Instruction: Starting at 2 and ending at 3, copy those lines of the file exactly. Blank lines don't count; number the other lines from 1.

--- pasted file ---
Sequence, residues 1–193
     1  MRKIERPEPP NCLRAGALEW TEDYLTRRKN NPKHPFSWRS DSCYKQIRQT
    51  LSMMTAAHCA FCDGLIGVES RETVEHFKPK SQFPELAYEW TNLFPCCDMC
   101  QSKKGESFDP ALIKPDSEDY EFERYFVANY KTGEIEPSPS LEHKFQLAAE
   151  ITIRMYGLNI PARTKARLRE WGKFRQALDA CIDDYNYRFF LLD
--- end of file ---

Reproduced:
     1  MRKIERPEPP NCLRAGALEW TEDYLTRRKN NPKHPFSWRS DSCYKQIRQT
    51  LSMMTAAHCA FCDGLIGVES RETVEHFKPK SQFPELAYEW TNLFPCCDMC